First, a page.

Over 9,000 food waste collection caddies have arrived at South Kesteven District Council ready for
delivery to households taking part in a year-long recycling trial.
In the next few days they will go out to almost 4,700 homes across the district.
People will be asked to dispose of uneaten food and food waste into the small, silver caddy-style bin
for their kitchen. They will then empty their bagged waste into the larger outside container.
Waste from the new bins will be collected each week for environmentally-friendly processing on the
usual collection day, whether it’s their black bin or recycling week.
The 12-month trial is being run in South Kesteven by the Lincolnshire Waste Partnership and will be
funded by Lincolnshire County Council, to gauge participation rates of the potential new service.
It includes selected homes in Grantham, Stamford, Bourne, The Deepings and several villages across
South Kesteven, which all share the same bin collection round.
Cllr Dr Peter Moseley, SKDC Cabinet Member for Environment, said: “We’re pleased that many
residents preparing to take part in this trial took the time to come and visit us at a series of drop-in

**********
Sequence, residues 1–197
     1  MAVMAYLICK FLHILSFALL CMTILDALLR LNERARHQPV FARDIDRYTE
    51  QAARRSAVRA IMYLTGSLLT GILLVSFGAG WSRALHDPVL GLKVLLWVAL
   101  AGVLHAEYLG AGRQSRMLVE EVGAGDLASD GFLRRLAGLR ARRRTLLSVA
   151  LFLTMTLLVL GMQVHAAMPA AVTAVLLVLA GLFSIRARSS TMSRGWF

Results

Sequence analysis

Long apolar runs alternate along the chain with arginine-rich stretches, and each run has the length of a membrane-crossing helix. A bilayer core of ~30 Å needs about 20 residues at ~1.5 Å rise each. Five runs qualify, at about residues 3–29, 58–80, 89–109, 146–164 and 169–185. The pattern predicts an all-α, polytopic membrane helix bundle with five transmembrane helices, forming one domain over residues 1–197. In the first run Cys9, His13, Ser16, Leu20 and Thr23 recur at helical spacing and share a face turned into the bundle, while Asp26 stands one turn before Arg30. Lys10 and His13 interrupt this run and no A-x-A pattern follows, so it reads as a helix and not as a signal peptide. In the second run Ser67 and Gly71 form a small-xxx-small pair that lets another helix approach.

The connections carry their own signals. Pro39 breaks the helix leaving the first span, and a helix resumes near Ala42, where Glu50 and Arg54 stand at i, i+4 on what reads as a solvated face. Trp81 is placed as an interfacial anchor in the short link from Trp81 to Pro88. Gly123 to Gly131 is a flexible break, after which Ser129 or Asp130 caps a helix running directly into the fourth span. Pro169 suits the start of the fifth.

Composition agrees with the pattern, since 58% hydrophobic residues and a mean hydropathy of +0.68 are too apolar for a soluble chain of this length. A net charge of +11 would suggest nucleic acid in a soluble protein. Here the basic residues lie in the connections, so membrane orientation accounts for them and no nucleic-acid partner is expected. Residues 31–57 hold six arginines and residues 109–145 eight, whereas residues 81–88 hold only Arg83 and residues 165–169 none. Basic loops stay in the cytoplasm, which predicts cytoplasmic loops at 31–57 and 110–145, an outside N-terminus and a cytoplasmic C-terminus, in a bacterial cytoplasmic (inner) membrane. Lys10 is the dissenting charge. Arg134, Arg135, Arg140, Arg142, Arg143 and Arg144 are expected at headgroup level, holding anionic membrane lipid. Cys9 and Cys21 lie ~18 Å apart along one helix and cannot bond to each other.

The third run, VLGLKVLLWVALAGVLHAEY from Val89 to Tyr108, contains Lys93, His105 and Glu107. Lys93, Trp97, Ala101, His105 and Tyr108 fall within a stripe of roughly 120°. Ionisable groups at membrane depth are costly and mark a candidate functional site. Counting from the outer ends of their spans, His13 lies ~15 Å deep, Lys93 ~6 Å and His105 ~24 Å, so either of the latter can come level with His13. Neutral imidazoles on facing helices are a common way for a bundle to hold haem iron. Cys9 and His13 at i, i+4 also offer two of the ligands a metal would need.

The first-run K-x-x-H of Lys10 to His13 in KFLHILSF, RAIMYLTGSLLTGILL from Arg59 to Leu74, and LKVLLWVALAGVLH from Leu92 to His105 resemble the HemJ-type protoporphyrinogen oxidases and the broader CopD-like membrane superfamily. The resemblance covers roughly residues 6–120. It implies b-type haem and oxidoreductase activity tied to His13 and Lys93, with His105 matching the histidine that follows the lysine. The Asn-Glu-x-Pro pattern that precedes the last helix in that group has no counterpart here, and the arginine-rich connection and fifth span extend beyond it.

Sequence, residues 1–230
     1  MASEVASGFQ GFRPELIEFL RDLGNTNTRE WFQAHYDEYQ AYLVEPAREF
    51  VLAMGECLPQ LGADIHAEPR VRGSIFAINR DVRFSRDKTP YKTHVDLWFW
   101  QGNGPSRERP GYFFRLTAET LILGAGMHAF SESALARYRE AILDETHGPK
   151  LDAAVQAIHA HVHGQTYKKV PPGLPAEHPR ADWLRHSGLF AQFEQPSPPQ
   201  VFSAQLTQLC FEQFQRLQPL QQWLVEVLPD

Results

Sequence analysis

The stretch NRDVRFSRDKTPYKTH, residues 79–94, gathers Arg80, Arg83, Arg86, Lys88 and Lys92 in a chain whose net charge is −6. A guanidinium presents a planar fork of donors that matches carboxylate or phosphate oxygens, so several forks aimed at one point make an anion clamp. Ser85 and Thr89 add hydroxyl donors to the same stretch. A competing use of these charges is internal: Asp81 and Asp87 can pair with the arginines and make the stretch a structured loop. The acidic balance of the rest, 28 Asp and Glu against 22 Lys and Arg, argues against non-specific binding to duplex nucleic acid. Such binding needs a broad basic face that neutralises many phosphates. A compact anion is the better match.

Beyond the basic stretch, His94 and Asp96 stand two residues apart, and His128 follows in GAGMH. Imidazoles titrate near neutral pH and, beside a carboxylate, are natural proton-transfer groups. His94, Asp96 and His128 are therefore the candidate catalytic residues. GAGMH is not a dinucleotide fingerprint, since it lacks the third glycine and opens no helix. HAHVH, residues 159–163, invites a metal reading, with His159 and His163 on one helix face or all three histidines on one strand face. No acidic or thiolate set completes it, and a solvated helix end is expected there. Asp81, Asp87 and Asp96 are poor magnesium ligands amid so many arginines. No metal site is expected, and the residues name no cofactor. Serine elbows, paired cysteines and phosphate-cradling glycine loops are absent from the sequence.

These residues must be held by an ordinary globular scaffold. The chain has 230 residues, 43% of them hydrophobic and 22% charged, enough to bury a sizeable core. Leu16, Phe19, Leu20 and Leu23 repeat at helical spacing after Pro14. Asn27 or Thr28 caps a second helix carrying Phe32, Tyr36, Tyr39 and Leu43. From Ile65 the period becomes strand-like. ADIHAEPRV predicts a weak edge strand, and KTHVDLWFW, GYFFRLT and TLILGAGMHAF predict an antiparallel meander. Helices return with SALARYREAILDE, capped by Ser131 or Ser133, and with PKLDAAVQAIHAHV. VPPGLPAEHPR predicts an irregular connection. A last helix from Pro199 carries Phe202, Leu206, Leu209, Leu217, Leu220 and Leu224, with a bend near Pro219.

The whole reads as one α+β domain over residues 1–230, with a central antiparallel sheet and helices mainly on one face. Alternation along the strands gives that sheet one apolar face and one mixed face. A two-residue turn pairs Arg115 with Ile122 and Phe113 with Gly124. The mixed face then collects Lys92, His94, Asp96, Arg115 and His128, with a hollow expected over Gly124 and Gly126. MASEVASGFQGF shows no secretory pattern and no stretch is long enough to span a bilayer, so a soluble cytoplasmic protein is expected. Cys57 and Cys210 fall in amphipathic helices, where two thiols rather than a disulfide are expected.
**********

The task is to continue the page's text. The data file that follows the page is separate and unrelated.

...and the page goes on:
sessions during the past two weeks to find out more about how they can make a real difference.
“It was good to be able to answer their questions, and to share their interest and enthusiasm and
we’re looking forward to a very positive uptake ready for their first food waste collections at the
start of June.”
Cllr Martin Hill, Leader of Lincolnshire County Council, is also one of the 4,700 residents taking part
in the trial.
“Personally, I am looking forward to taking part in this food waste trial as I think it will give us a great
insight into recycling and could have a big impact on how we manage waste in the future,” he said.
“I’d encourage everyone in the trial area to get on board so we can learn as much as possible about
how this could work for Lincolnshire.”
Residents currently throw food waste away with other non-recyclable rubbish in their black bins,
which is processed at an energy from waste facility.
When food waste is collected separately, it can be processed in a less expensive and more
environmentally-friendly way, producing electricity for the national grid and a nutrient-rich soil
Bread, raw and cooked meat, fish, peelings, dairy products, egg shells, teabags, plate scrapings and
any food past its use-by date will all be accepted under the scheme.
More information can be found at southkesteven.gov.uk/foodwaste